“Derrick Bell,” DavidShankbone / CC BY-SA

September 5, 2020; National Public Radio (NPR)

“The days of taxpayer-funded indoctrination trainings that sow division and racism are over,” Russ Vought, Director of the Office of Management, tweeted on September 4th in support of his new federal memo. His office’s two-page letter dictates that federal agencies halt all trainings that focus on topics such as racial bias, critical race theory, systemic racism, and white supremacy.

This announcement was made during the week where the United States is nearing the threshold of 190,000 deaths from the global COVID-19 pandemic, a crisis President Trump originally downplayed publicly while continuing to call the coronavirus “Chinese Virus” or “Kung Flu.” Recent Pew Research Center findings saw a 30-percent increase of racially charged incidents directed at Asian adults in relation to their ethnicity since beginning of the outbreak. Yet, these are racial correlations and patterns tied to longstanding historical trends, ones for which the White House and GOP leaders have consistently ignored responsibility.

Instead, the White House appears to wish to evade reflection on racism. So much so, that federal funding is now cut from fostering such discussions for employees, even calling these reflections “un-American.” Yet as Atlantic writer Ibram X. Kendi observes, “To say antiracism is anti-American is to say racism is American, which is to say Trump wants white Americans to be racist.”

The language used in the memo calls mere analysis of racism through a critical race or systemic lens as “divisive, false, and demeaning propaganda…the critical race theory movement is contrary to all we stand for as Americans and should have no place in the Federal government.”

The memo does not specify what press reports or trainings had sparked this cancelation, yet the announcement came soon after an interview with Discovery Institute Research Fellow Chris Rufo, which was aired on Tucker Carlson Tonight.

Experts believe expanding racial and diversity awareness trainings is influential in redressing the plethora of persistent racial inequities. Implementation of anti-bias training can take different forms, with many of them informed by critical race theory (CRT).

CRT at its heart aims to examine how race and racism are embedded in the legal and cultural systems around us. CRT has been around since the 1970s and has expanded from its origins in legal scholarship to span disciplines ranging from philosophy to history and sociology.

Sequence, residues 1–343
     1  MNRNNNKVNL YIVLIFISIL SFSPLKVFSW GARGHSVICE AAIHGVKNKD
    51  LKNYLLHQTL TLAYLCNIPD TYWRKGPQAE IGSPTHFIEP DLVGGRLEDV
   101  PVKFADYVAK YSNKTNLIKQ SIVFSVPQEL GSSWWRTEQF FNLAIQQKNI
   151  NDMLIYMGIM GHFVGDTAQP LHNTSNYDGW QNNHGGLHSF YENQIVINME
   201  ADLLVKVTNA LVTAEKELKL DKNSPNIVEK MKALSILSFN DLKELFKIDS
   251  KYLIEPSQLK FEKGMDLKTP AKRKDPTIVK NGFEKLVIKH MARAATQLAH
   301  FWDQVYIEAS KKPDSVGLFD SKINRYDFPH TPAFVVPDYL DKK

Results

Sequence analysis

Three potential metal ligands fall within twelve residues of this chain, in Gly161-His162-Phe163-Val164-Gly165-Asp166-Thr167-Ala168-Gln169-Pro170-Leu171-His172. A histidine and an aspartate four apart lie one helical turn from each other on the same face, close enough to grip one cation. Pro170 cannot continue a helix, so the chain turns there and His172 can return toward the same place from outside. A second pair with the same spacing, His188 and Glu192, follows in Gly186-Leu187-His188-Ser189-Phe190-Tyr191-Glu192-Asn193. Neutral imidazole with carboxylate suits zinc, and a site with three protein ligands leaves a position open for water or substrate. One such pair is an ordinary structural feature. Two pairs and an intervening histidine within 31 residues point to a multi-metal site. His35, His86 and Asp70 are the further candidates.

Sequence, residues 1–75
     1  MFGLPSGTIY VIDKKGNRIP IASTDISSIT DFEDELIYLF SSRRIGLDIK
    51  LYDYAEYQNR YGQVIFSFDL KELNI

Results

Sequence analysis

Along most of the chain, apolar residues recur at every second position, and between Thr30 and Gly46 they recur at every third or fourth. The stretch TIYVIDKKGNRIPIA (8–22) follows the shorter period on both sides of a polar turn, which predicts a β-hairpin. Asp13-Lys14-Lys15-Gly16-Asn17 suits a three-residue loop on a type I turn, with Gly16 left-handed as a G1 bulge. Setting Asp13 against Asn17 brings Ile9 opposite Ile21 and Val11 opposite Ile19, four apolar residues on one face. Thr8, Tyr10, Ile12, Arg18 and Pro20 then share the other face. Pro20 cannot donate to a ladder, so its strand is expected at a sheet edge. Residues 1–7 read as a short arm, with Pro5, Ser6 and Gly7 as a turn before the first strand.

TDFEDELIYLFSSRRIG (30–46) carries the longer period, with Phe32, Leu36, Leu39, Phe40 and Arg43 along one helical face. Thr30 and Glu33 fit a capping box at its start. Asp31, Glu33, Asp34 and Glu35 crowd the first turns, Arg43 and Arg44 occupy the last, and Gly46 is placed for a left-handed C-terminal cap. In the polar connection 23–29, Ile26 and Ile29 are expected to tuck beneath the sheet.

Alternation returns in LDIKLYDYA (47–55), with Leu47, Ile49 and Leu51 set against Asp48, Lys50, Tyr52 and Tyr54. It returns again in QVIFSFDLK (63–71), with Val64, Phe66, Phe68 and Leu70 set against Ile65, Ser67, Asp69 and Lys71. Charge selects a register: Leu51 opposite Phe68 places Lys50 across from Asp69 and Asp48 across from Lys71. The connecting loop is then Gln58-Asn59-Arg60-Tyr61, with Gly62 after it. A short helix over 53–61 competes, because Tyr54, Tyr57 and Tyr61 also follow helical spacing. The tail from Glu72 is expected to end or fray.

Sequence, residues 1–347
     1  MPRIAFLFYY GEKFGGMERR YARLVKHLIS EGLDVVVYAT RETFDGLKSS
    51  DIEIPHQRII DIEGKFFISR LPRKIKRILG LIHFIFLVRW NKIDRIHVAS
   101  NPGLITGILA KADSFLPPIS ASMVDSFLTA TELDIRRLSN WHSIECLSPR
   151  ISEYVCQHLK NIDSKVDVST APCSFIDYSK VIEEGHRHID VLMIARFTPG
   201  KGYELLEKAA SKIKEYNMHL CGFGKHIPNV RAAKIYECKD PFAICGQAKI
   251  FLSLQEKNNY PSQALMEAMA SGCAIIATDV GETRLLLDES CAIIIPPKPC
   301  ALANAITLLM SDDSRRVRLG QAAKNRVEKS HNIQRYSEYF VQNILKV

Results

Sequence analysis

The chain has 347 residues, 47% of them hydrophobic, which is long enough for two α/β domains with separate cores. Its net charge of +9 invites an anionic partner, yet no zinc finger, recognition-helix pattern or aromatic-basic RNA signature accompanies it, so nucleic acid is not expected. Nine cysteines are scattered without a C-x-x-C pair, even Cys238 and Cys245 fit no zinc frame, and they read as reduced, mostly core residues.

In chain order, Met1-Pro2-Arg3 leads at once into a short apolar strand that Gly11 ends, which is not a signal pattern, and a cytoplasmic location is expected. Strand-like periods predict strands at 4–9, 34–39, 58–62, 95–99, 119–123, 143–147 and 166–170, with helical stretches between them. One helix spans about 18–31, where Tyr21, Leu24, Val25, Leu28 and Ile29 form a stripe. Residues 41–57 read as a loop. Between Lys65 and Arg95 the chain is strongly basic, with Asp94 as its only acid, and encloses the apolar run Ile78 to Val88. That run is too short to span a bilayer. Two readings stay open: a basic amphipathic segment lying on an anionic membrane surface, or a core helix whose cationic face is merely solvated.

In their work, CRT scholars, like Derrick Bell (who wrote “Racism lies at the center, not the periphery; in the permanent, not in the fleeting”), Alan Freeman, and Richard Delgado have aimed to highlight how racism is engrained into the fabric and systems of American society by examining existing power structures and challenging concepts like liberalism, meritocracy, and “color-blindness.” Contemporary CRT theorists such as Mari Matsuda and Patricia Williams have been immensely impactful. Executive director of the African American Policy Forum (AAPF) Kimberlé Crenshaw coined the term “intersectionality,” which is an examination of race, sex, class, national origin, and sexual orientation, and how these combinations interact across settings, roles, and communities, as well as within them.

Crenshaw recently posted in her reaction to the White House memo on Twitter:

This sentiment was shared by Kristen Clarke, executive director of the Lawyers’ Committee for Civil Rights Under Law. “We fail as a nation when we choose to BAN discussions about ongoing racism and violent white supremacy,” Clarke said.

It is unclear how the ban will be enforced, but the ban aligns with a president who consistently invests in public division, in this case ironically aiming to cancel federal discussion of race even while deriding so-called “cancel culture.”

The actions by the White House continue to sow divide across the country, amidst a deadly pandemic and contentious election. Sherrilyn Ifill, president of the NAACP Legal Defense and Education Fund, highlights the real-time risks: “Playing with racism is a dangerous game. It’s not that you can do it a little bit or do it slyly or do it with a dog whistle. It’s all dangerous, and it’s all potentially violent.”—Chris Cannito